User: cassels Topic: Health in Canadian Media
Category: Research Studies
Last updated: Feb 09 2016 22:31 IST RSS 2.0
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Flashing lights at night may help reduce jet lag 9.2.2016 Health

Exposing sleeping people to a series of short flashing lights at night might help them adjust more quickly to time zone changes, according to a small U.S. study.

Magic abounds when daycare, seniors home share roof 9.2.2016 Toronto Star: Living
In the second-floor lounge at Toronto’s Kipling Acres long-term care home, about 15 seniors in wheelchairs and walkers gather to the throbbing techno beat of “Gangnam Style” by Korean pop rapper PSY. “Here we go,” chirps early childhood educator Bama Thillainathan, as she leads a group of preschoolers into the room to “move and groove” with their elderly neighbours. Mary Offen, 82, lights up as the children arrive. Her wheelchair rocks while both feet tap to the music. “I love to dance,” she says, grabbing the outstretched hands of 3-year-old Heaven Tulloch-Rankine. “I love them very, very much.” The children from the daycare centre downstairs revel in the adoration. And while some of them are timid at first, they are soon waving colourful pom-poms, shaking tambourines and cuddling up to the seniors. Everyone is grooving to the music. “Integrating rehabilitation with the children is just another element we use to get seniors moving,” says rehab specialist Adnan Baljic, one of several staff leading the ...
Concussion raises long-term suicide risk, study finds 9.2.2016 Toronto Star: Living
Adults who experience a concussion appear to have a long-term suicide risk three times higher than that of the general population — and that risk rises to four times higher if the traumatic brain injury occurred on a weekend, a study suggests. The study, published Monday in the Canadian Medical Association Journal, also found that having a subsequent concussion was associated with a further increase in the risk that a person would take his or her own life. “We know that a concussion can cause lasting changes in the brain that can alter mood, perhaps resulting in behaviour changes, including impulsivity,” said principal researcher Dr. Donald Redelmeier, an internal medicine specialist and senior scientist at Sunnybrook Health Sciences Centre in Toronto. “It’s possible that we’re seeing greater suicide risk linked to weekend concussions due to risk-taking associated with recreation or misadventure, whereas weekday injuries may be linked to employment hazards.” To conduct the study, researchers analyzed ...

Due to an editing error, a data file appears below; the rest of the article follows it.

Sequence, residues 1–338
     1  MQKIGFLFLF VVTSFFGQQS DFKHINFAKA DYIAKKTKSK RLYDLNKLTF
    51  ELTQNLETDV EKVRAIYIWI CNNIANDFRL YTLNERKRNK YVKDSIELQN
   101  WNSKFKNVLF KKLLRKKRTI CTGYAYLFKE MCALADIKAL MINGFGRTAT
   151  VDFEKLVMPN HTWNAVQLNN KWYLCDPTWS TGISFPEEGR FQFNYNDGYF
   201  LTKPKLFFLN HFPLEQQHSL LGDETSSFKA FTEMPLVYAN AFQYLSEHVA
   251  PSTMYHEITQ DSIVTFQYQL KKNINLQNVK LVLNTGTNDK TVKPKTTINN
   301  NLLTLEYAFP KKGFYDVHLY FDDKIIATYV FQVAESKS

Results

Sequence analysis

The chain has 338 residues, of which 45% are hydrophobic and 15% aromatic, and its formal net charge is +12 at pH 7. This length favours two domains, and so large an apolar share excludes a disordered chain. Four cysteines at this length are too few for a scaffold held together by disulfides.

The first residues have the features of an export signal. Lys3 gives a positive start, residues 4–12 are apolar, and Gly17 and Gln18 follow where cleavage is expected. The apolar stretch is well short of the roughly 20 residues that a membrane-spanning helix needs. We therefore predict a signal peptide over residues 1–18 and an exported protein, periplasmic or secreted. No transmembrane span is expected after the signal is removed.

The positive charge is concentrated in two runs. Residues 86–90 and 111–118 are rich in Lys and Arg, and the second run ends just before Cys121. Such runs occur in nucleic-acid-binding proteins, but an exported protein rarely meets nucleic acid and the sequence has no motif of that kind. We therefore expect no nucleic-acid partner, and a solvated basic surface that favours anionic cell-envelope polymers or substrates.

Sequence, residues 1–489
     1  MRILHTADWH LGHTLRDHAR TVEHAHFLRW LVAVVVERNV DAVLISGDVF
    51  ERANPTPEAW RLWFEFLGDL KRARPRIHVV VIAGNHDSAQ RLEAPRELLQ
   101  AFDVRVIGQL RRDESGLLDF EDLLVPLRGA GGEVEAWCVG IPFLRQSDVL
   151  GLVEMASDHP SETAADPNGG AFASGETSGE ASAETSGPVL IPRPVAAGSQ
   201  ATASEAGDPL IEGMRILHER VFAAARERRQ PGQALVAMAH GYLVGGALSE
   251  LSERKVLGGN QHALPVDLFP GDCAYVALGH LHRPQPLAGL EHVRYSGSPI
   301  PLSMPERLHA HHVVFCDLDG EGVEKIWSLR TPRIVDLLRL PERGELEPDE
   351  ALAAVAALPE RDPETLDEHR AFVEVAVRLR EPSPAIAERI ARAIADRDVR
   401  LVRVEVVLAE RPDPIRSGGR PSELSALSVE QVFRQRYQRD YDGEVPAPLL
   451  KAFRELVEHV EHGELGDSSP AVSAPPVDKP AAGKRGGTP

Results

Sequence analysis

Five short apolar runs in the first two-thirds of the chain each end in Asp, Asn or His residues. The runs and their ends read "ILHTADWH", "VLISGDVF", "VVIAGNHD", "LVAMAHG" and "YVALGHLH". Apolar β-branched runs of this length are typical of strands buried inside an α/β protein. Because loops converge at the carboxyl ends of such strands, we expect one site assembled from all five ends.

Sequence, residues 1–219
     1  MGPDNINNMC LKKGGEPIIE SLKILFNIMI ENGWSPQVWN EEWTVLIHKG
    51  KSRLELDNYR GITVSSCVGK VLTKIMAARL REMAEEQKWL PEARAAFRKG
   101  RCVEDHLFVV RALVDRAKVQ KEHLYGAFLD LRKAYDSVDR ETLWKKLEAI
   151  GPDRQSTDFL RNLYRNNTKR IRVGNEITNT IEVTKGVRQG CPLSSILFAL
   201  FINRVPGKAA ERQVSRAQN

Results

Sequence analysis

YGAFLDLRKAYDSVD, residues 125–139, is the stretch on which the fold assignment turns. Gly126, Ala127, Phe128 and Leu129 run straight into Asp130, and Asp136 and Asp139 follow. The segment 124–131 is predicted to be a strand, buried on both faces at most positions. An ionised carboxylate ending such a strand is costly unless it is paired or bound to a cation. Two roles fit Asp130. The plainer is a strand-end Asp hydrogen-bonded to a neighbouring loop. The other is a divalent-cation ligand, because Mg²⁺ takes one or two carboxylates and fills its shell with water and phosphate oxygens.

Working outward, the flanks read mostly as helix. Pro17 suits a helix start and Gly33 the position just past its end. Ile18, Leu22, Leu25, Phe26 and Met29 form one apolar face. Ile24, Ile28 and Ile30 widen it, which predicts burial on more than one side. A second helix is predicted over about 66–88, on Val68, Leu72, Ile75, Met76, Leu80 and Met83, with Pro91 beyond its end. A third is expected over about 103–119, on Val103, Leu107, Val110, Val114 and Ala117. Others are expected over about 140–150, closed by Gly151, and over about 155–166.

Concussion raises long-term suicide risk 9.2.2016 Health
Medically Unfit Driver

Adults who experience a concussion appear to have a long-term suicide risk three times higher than that of the general population and that risk rises to four times higher if the traumatic brain injury occurred on a weekend, a Canadian study suggests.

10-year snapshot of dental rates reveals Alberta has jumped more than twice that of some other provinces 8.2.2016 Health
Dentist stock photo, dental work

If the cost of accessing dental care is causing pain comparable to a root canal, you likely live in Alberta, a new study by an insurance association reveals.

Surgeon stops mid-operation, teen forced to wait to have same surgery again 8.2.2016 Health
Farouq Sadiq

After waiting more than a year for surgery, an Alberta teen is forced to undergo the same operation twice after his surgeon became ill halfway through the procedure.

Meet the University of Waterloo dropouts living the digital dream 7.2.2016 Toronto Star: Living
WATERLOO, ONT.—Hongwei Liu is standing in his office wearing head-to-toe black: crisp poplin shirt, jeans, suede sneakers. The co-founder and CEO of MappedIn, a multimillion-dollar company that crafts touch-screen directories for shopping malls and retail stores, is a University of Waterloo dropout who oversees a staff of 26. He is 24 years old. Liu is among a small but growing number of young adults in the Kitchener-Waterloo area who are redefining what it takes to create a successful business. They’ve abandoned their studies in order to launch startups in this cauldron of tech ingenuity. It could be argued they epitomize the entrepreneurial spirit, skipping classes to get in the game instead, following in the footsteps of industry icons such as Steve Jobs and Mark Zuckerberg. There’s even a lucrative program for these dropouts. The Thiel Fellowship, established in 2011 by PayPal co-founder Peter Thiel, hands out $100,000 (U.S.) and invaluable mentorship to university students under the age of 22 who ...